In 2017, the last year of TBGSI's operations, Maynard mishandled thousands of dollars of employee health insurance premiums and 401(k) contributions. Although TBGSI withheld the funds as directed by its employees, TBGSI, per Maynard's directions, stopped forwarding the health insurance premiums to the contracted insurer, United Healthcare, and did not pay the withheld 401(k) contributions funds into TBGSI's retirement plan. TBGSI also, per Maynard's directions, failed to make its promised "employer matching" contributions to the retirement plan during this period.

By June 2017, TBGSI owed United Healthcare approximately $119,000 in past due premiums. United Healthcare responded to this nonpayment by retroactively canceling TBGSI's employees’ health insurance coverage back to March 4, 2017. As a result, TBGSI employees who obtained medical care between April and June of 2017 received no insurance coverage for that care and instead were held personally responsible for the costs associated with that care. The total amount of denied claims from United Healthcare during this period for all TBGSI employees was approximately $40,204.32.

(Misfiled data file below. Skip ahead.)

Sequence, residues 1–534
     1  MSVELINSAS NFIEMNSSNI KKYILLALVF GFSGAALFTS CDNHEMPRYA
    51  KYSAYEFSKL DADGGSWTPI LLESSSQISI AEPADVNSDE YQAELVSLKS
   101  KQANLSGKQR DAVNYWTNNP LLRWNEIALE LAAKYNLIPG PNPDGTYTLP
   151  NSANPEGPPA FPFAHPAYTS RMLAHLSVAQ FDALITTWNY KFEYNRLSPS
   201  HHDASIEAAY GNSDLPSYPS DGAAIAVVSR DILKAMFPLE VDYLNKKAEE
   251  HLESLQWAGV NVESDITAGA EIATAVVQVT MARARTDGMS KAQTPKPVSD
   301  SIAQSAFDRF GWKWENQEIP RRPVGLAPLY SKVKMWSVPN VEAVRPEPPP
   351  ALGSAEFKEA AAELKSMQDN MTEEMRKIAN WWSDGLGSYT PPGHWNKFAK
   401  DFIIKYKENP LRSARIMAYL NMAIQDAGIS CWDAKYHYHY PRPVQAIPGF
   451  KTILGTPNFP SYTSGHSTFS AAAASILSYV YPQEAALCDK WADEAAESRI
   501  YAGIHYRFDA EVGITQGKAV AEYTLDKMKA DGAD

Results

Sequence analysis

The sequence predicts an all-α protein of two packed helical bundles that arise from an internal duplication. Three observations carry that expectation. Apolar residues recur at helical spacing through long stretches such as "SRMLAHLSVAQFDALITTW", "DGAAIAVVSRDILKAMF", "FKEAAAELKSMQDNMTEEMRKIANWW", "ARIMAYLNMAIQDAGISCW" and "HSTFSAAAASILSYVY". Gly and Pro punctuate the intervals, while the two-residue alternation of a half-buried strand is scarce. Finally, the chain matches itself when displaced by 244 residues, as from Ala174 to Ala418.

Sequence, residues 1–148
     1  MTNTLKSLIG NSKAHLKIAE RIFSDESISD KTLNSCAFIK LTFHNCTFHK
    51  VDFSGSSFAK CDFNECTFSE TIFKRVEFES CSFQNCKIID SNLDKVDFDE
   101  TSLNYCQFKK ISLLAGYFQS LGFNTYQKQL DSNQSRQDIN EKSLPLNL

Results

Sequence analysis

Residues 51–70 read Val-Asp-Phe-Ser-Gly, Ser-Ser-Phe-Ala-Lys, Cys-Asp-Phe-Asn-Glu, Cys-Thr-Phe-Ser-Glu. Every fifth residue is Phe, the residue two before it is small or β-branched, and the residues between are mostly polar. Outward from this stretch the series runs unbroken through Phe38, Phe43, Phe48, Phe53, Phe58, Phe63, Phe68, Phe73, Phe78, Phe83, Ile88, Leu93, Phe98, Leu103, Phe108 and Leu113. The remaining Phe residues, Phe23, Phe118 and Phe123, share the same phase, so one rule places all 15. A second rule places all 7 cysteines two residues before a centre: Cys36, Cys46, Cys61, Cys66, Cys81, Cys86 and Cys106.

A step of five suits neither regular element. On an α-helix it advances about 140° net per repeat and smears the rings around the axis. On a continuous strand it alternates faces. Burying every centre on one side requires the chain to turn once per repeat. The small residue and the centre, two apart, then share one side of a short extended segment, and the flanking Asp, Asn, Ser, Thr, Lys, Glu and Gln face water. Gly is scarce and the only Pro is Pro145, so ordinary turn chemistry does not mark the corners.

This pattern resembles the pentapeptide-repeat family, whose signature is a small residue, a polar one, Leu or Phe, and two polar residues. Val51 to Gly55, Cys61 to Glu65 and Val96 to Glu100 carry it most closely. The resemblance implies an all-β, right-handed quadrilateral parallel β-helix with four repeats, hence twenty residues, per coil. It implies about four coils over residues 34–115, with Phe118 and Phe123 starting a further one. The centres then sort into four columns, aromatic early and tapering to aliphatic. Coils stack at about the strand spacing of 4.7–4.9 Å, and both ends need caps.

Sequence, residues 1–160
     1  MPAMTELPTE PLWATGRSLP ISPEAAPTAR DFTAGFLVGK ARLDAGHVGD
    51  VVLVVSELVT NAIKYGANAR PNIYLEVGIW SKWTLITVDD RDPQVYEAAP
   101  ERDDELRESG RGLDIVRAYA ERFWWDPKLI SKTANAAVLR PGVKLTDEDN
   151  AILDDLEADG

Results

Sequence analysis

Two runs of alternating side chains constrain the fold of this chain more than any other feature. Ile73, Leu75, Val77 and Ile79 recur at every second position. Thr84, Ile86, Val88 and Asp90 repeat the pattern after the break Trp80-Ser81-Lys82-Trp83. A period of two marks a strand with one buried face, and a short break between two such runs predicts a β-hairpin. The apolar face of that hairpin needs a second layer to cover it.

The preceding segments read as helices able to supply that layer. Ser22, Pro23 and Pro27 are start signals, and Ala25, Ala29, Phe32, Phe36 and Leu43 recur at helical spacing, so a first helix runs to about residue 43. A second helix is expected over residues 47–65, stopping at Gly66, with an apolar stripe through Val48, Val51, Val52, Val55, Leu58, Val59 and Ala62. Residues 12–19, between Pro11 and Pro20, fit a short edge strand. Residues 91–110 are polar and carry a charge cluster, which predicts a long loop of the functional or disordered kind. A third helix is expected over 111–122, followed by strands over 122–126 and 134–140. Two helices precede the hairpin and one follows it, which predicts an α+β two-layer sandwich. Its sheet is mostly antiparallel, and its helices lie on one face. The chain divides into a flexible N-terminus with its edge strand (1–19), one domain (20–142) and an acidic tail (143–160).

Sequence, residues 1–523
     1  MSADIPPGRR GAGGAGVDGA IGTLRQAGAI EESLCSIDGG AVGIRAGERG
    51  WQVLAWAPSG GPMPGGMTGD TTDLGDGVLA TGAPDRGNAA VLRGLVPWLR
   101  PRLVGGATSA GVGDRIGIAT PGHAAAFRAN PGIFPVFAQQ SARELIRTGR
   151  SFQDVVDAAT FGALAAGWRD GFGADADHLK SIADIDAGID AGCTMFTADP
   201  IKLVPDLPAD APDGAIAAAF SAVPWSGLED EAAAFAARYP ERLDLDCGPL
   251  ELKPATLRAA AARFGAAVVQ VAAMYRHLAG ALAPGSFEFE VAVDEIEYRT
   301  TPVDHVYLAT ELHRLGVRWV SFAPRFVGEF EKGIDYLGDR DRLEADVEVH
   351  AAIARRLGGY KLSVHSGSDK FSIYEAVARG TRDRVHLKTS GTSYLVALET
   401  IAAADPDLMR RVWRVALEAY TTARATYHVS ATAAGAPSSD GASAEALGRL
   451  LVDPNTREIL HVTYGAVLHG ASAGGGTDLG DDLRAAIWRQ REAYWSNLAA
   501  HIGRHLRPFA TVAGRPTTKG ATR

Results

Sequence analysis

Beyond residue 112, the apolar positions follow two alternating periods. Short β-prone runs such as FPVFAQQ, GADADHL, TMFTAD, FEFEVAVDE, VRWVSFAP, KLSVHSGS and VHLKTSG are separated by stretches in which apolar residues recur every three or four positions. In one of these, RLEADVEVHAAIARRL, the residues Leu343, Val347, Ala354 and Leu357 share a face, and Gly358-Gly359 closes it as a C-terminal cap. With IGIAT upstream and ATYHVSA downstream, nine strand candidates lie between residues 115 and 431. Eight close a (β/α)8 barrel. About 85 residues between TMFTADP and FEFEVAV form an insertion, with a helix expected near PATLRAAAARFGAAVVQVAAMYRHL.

After United Healthcare cancelled TBGSI's policy, TBGSI contracted for health insurance coverage from Anthem. Maynard falsely told his employees that he made the switch due to a rate dispute with United Healthcare. TBGSI continued, at Maynard's direction, to deduct and retain premium payments from TBGSI employees’ paychecks, rather than forwarding them on to Anthem. In September 2017, Anthem retroactively canceled TBGSI's policy back to the beginning of coverage in early July 2017. As a result, TBGSI employees had no health insurance coverage from Anthem and were held personally responsible for all medical expenses they incurred from July 2017 through September 2017. Those unpaid medical expenses totaled $95,438.55.

TBGSI ceased operations in September 2017. At approximately that same time, investigators from the United States Department of Labor and the IRS began a criminal investigation into Maynard's management of TBUSA and TBGSI.

II

On July 27, 2018, a criminal complaint was filed in the United States District Court for the District of Colorado charging Maynard with one count of corruptly impeding the administration of tax laws, in violation of 26 U.S.C. § 7212(a).